Sleep

Not getting enough sleep for one night can make you feel rubbish the next day. Consistently not getting enough sleep can wreak havoc on your mental and physical health (as if we needed another reason to feel anxious!). *Disclaimer - this does not constitute medical advice and should not be considered a replacement for seeing your doctor. PoWW CIC will not be held liable from an adverse reaction to any of the items or supplements noted in this or any article on the website. If your sleep is having an impact on your day to day life, consult your GP/Doctor. If you plan on trying any new supplements, consult your GP/Doctor.

Sleep anxiety can be like torture over the long-term. You can't sleep, you worry about not getting enough sleep, and as you start to drop off to sleep, suddenly think 'Yey I'm getting to sleep', which sends a little surge of something through your body, and bam! You are awake. 

Not getting enough sleep can affect:

  • hormones

  • weight

  • concentration

  • productivity

  • heart

  • sugar metabolism

  • depression

  • immune function

  • inflammation

  • mood 

  • temper

Mental health issues can create a pattern of bad sleep and bad sleep will negatively impact your mental health, creating a vicious cycle.

So what are the things we can do about it? 

 

  1. Create a calm, cool, de-cluttered space; a warm stuffy room with clutter everywhere isn't going to work. Going to bed in a calming, cool environment that isn't surrounded by stuff can help promote good sleep.

  2.  Warm bath with magnesium salts; this can help relax your muscles and get you into 'bed mode'. Magnesium also helps maintain proper nerve function for solid rest. Magnesium for Sleep - Supplements in Review

  3. Use your phones blue light filters and get some anti-blue light glasses (or better yet, just stop using the screen an hour before sleep time); blue light from screens mess with your bodies ability to produce melatonin, the sleep hormone.

  4. Magnesium cream and a teaspoon of honey; many of us are deficient in magnesium and applying cream before bed can help with this, while promoting sleep. According to lifehack.org, honey also helps the brain by spiking its insulin levels which releases tryptophan into the brain. Tryptophan is converted to serotonin, which then forms into melatonin. Amazing Things That Will Happen When You Eat A Spoonful Of Honey Before Sleep Every Day - Lifehack

  5. Ear plugs and eye masks; some people are far more sensitive to noise and light than others. Especially if you are a mum. It has been proven that women who have had children are stuck on 'higher alert' compared with men or childless women, and their sleep can suffer as a result. By creating total sensory deprivation, that neighbours dog barking or those street lights won't disturb your shut eye.

  6. Glycine; for this author personally, glycine has been a gamechanger. Research in people with sleep issues has shown that taking 3 grams of glycine before bed decreases how long it takes to fall asleep, enhances sleep quality, lessens daytime sleepiness and improves cognition. Top 9 Benefits and Uses of Glycine (healthline.com)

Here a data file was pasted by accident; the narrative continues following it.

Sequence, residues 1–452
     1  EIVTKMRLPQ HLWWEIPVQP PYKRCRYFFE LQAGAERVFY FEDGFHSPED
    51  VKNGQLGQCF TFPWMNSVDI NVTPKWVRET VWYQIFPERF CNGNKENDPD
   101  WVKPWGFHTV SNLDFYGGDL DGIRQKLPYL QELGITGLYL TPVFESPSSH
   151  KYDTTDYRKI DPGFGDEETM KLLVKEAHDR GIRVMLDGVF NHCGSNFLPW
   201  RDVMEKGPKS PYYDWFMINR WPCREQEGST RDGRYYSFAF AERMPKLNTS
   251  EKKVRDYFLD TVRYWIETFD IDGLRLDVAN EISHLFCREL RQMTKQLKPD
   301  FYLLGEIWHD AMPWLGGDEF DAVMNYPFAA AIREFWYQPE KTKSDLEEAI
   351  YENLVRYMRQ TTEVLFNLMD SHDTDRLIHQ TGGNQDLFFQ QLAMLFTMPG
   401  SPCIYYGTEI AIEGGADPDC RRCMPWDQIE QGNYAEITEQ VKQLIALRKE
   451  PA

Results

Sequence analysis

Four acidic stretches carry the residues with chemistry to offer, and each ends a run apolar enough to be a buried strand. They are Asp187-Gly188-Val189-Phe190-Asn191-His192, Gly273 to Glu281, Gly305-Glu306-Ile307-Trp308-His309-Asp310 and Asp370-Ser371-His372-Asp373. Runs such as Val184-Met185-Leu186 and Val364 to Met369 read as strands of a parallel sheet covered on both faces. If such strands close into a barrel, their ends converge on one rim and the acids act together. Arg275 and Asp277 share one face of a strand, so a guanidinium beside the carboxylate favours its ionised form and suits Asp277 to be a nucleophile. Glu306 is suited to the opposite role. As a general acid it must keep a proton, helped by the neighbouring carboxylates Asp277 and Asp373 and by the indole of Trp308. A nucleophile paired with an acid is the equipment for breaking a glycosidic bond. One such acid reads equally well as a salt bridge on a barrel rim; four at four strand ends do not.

7. Ditch the caffeine; or if that's too much of a stretch, just have one in the morning and avoid it like the plague for the rest of the day. Those of us who enjoy a midday pick me up will tell ourselves that the caffeine doesn't affect us in that way, but when you stop drinking it after 10am, you soon notice the difference.

  8. Relaxing music; there are many apps out there which offer free relaxing music and meditations. 'Better Sleep' is one. There is a free membership with a decent amount of sounds to listen to. This article lists many other free meditation apps which will likely have music as well as guided meditations. Sometimes, just having something else to distract your brain is enough.

  9. Audiobooks; for those of us who don't get distracted enough when listening to music, an audiobook might just do the trick. For this author, listening to anything a little complex or technical sends me to sleep, as my brain is so busy trying to figure something out, there's no room for thinking about whether or not I will get enough zzzzzz's.

Things to avoid:

  • 5HTP; while this can seem like a great supplement to begin with, it is not recommended for long term use and can have some serious side effects. 5-HTP: Side Effects and Dangers (healthline.com)

  • Melatonin; this author relied on this product for far too long and regrets it. This can work well initially, and while the odd night here are there might be ok, taking it repeatedly can have the potential effect of throwing off your body's ability to produce the hormone, because it is 'used' to getting it from the supplement. The Truth About Melatonin: 6 Most Common Questions Answered (sleepscore.com)

  • Sleeping pills; these can become very addictive, and can perpetuate a cycle of reliance and make matters worse.